First, the Psalmist states, we should love God for what he has done. Secondly, we should praise God for who he is. Finding a balanced praise of God prevents us from confusing the God of the universe with Saint Nicholas.

God has performed many acts that deserve and demand our praise. The Psalter consists of praises to God for his demonstration of compassion, mercy, and deliverance. Throughout the psalms we observe Yahweh as a caring God who extends his love to mankind. He helps the righteous in times of trouble. He comes to the rescue of the weak and needy. He demonstrates great patience. He dispenses amazing grace abundantly. Allowing these acts of power to pass without acclamation is unfathomable.

Often, however, our praise begins and ends with exaltation directed at the things God does for us. Why do we typically praise God? Usually, it is because God has blessed us. This is a good, healthy and appropriate response to his tremendous grace, but it is deficient as a complete testimonial of God's greatness.

After all, God was under no obligation to create humanity, let alone to provide a means for human redemption. God was perfect before he created or redeemed mankind. His benevolent actions toward the human race do not define who God is, but are only an extension of one aspect of his nature. God exists independent of our praise. Nevertheless, how else should we respond to his excellence and beauty? Let us resist complacently praising God solely for contributing to our personal betterment; let us also praise him for who he is.

This type of praise requires us to extend beyond the natural gratitude that accompanies God's blessings. We need to praise God additionally for who he is in himself, and to appreciate the character of God as being excellent independently of his contribution to our personal interests.

People comprehended God's essence by meditating upon the attributes that define him. We are most familiar with the divine attributes that benefit us most, such as love and mercy. God possesses many other qualities than benevolence, however, and these are due praise as well. We sometimes sing or hear about these qualities, but most of us are ignorant of their meaning. For example, God is infinite — this means that he is impervious to time or space restraints, that he is without limits. By spending more effort meditating on God's greatness, and less effort taking inventory of our personal stake in his greatness, we praise him more authentically.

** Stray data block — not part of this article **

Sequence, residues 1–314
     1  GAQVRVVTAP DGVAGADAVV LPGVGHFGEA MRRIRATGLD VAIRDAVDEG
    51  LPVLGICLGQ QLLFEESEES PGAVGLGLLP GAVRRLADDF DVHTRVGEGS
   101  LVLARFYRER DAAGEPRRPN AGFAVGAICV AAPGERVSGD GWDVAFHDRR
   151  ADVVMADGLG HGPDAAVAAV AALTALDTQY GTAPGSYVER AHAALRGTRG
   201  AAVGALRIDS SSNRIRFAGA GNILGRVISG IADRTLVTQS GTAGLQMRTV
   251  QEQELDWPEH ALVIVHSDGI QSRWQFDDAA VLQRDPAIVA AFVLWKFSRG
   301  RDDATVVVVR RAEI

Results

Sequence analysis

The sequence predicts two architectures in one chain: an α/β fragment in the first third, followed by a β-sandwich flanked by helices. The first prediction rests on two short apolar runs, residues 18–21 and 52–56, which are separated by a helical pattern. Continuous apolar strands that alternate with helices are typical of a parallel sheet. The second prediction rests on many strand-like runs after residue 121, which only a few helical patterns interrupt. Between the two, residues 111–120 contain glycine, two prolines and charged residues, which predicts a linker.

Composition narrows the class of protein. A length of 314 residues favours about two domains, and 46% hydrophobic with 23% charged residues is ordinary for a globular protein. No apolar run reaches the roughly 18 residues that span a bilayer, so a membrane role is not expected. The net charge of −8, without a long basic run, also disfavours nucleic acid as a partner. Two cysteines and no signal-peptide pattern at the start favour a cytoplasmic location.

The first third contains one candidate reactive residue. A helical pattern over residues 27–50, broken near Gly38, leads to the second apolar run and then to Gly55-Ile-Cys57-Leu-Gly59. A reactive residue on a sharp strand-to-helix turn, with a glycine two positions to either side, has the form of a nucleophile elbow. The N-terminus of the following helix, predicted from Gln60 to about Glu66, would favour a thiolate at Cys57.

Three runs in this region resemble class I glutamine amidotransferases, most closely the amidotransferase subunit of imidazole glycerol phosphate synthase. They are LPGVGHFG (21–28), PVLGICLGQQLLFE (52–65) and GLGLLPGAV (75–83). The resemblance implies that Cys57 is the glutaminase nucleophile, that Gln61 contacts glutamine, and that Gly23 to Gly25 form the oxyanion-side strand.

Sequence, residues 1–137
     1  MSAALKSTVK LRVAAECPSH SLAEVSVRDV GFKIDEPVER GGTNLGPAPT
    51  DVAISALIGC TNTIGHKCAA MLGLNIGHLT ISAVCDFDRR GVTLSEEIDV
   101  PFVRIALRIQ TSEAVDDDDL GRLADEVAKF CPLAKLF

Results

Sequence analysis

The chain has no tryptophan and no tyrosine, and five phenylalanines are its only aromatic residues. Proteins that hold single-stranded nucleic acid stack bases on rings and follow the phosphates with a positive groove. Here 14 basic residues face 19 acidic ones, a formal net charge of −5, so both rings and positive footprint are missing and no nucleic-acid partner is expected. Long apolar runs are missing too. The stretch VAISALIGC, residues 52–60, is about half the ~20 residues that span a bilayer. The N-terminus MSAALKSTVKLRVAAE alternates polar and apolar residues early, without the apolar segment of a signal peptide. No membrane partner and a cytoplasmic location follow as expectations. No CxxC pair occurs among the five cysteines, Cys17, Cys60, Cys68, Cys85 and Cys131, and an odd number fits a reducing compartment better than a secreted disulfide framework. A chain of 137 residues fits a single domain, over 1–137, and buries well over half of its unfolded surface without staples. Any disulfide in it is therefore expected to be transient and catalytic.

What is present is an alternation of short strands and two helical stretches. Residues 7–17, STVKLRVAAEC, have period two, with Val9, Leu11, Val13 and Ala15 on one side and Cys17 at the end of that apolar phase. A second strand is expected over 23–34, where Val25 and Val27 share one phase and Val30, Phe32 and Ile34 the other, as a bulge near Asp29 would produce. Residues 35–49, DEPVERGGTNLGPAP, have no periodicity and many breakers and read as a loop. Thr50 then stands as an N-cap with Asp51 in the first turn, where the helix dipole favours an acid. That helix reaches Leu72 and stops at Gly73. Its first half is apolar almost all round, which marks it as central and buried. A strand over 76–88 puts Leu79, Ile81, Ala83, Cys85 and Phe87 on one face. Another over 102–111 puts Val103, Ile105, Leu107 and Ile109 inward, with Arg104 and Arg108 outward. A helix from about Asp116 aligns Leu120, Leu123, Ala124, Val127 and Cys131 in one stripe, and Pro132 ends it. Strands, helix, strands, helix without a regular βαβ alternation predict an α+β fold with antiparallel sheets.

When something is admirable, the proper response is praise. Conversely; to refuse to praise to something that is admirable is to fail to appreciate its greatness. The surfacing of humpback whales is an example of something that deserves this type of admiration. On a much grander scale, God is the ultimate object of admiration. Failure to recognize and appreciate excellence results in a deprivation of the joy humans were born to experience.

An object that elicits enjoyment necessarily brings praise upon itself. In Reflections on the Psalms, C.S. Lewis identifies the enjoyment of God and the glorification of God as one cogent act: "Fully to enjoy is to glorify. In commanding us to glorify Him, God is inviting us to enjoy Him." 1 Lewis describes praise as inner health made audible. We spontaneously praise what we value most, and we urge those around us to join. This phenomenon is evident everywhere in our culture. We are asked to praise gourmet coffee, sports teams, cuts of meat, television shows, oil filters, mattresses, and even favorite brands of toothpaste. The proselytizing of these vain preferences is socially acceptable; why shouldn't we nudge others to appreciate the infinite God of the Universe?

We are unable to maintain silence about the things we love and we don't understand how others do not share our unbridled enthusiasm. Praising what we enjoy completes our enjoyment and brings it to fulfillment. Lovers do not express admiration for one another merely as a compliment, but also to verbalize their inner enjoyment, thus bringing that joy to completion. It is frustrating to experience excellence or beauty without a fellow admirer to share it with. A golfer's nightmare is to get a hole-in-one while playing alone. Rare and precious glimpses of excellence, such as a baby's first tooth, scream for mutual attention, admiration and adulation. This is why strangers with a shared interest have an instant bonding experience in such circumstances.